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Habitat Shifts by Mule Deer: The Influence of Cattle Grazing
Eric R. Loft, John W. Menke and John G. Kie
The Journal of Wildlife Management
Vol. 55, No. 1 (Jan., 1991), pp. 16-26
Stable URL: http://www.jstor.org/stable/3809236
Page Count: 11
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We studied the effects of cattle on selection of home ranges and habitats by female mule deer (Odocoileus hemionus) on summer range in the Sierra Nevada, California. Three grazing levels (no grazing, moderate grazing, and heavy grazing) were imposed on 3 fenced range units over 3 years. Habitat selection by 13 radio-collared female mule deer was estimated each summer; habitat selection by radio-collared cattle was estimated at the 2 grazing levels. In the absence of grazing, meadow-riparian habitat comprised a greater proportion of deer home ranges than during grazing. During moderate and heavy grazing, a greater proportion of montane shrub habitat was included within deer home ranges than when ungrazed. Within home ranges, deer preferred meadow-riparian habitat at all grazing levels, whereas aspen (Populus tremuloides) habitat was preferred only during no grazing. Deer preference for meadow-riparian habitat declined over the summer, more so with cattle grazing. Cattle also preferred meadow-riparian and aspen habitats. The greatest effect of cattle on habitat selection by female mule deer occurred during late summer with heavy grazing when forage and cover were at a minimum in preferred habitats. Female mule deer shifted habitat use by reducing their use of habitats preferred by cattle and increasing their use of habitats avoided by cattle. These results were consistent with expectations of competition and habitat selection theory.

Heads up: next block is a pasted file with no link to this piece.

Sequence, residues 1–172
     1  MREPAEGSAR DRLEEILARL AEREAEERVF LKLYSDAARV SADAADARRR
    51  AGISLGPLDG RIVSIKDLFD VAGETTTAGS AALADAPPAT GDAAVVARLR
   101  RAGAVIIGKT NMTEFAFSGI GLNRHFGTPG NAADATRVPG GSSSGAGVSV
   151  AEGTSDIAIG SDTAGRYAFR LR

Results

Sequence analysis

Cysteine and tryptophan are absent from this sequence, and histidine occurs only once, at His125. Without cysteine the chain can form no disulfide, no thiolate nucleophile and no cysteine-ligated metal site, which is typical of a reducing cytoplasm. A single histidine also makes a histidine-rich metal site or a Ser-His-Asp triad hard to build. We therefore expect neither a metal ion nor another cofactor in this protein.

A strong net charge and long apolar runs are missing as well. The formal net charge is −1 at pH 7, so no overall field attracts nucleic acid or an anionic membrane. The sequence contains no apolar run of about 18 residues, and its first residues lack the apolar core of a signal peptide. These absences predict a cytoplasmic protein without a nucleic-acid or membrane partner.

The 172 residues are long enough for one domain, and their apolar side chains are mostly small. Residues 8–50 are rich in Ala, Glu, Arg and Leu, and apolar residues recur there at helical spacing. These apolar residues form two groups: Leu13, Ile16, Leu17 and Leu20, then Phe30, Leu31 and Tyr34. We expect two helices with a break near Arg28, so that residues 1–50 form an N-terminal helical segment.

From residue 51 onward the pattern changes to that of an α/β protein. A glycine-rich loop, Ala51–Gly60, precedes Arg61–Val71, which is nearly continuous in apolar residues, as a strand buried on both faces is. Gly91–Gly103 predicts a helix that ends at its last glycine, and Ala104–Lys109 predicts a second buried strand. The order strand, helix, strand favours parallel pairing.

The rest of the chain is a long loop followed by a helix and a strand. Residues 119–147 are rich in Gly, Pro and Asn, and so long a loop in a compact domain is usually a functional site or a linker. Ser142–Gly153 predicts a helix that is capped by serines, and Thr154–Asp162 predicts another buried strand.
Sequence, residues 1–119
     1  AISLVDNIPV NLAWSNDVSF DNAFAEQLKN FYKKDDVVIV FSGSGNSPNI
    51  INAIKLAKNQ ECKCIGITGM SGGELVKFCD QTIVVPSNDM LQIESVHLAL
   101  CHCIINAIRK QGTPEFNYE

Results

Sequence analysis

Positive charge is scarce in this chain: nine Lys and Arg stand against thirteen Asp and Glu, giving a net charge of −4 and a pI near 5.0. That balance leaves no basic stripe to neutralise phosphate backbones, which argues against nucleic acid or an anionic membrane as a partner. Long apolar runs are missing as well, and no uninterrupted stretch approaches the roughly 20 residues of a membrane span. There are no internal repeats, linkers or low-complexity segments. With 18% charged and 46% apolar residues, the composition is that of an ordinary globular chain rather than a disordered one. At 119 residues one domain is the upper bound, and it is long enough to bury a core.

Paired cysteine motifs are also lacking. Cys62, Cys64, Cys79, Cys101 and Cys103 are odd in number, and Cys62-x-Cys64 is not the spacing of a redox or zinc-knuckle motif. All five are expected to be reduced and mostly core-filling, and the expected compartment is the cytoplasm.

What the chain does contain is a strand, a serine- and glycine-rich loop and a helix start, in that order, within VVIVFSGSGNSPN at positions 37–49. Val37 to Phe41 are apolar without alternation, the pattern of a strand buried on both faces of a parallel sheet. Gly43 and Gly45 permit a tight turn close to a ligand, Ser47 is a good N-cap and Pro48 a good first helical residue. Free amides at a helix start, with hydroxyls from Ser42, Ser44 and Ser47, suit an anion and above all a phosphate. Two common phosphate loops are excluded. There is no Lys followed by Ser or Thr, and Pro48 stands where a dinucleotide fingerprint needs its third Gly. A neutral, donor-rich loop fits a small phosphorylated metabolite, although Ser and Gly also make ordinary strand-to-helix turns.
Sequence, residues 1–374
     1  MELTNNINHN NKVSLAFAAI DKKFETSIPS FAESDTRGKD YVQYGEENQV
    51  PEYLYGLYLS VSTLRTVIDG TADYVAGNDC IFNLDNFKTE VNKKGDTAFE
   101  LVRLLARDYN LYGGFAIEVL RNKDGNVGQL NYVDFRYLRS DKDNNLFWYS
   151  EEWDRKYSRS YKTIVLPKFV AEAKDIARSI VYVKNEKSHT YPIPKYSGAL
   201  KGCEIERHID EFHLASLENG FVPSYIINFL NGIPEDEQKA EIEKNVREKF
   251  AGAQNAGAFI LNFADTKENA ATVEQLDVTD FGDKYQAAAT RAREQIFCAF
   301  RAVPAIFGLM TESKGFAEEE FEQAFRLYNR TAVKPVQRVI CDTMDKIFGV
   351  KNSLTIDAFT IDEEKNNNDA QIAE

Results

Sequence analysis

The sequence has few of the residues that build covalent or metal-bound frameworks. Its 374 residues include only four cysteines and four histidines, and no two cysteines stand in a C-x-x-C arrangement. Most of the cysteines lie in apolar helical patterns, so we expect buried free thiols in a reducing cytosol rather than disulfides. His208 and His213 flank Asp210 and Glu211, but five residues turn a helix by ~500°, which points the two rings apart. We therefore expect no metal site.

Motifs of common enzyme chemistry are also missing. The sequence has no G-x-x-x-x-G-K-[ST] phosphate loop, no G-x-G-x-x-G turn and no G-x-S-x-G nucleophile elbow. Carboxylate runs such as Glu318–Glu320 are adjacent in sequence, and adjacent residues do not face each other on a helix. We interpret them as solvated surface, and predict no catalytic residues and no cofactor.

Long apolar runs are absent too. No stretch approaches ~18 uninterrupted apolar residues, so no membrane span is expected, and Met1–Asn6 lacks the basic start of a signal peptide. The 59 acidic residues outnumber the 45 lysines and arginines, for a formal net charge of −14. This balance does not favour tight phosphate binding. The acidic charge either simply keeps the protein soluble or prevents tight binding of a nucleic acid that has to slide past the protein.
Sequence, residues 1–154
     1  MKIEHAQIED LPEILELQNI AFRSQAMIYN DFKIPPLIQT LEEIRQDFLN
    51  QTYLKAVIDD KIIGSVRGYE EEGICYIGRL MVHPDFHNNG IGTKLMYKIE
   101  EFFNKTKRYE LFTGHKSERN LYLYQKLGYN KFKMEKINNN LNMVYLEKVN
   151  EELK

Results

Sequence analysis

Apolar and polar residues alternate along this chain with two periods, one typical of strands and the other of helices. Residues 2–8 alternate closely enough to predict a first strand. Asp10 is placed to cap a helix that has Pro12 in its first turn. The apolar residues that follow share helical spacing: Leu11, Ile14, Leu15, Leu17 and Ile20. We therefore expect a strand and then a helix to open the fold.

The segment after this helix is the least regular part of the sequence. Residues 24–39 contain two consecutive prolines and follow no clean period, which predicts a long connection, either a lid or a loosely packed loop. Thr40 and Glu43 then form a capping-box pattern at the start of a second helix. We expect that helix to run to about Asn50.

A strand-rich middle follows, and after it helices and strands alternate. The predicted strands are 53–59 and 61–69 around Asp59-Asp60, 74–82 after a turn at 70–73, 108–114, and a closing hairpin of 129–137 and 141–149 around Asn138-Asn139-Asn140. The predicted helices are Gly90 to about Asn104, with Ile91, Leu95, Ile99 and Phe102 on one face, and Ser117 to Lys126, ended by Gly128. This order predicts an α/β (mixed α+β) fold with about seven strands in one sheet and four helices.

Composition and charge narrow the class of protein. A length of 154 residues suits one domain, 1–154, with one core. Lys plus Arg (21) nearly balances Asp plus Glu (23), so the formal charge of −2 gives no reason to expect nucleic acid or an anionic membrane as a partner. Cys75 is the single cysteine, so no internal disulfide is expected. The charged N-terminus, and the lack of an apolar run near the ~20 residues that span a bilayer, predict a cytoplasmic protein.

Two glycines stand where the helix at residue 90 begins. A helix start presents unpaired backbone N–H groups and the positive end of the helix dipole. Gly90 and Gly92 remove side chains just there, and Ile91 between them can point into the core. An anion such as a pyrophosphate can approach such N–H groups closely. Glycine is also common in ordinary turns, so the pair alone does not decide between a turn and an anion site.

The Journal of Wildlife Management © 1991 Wiley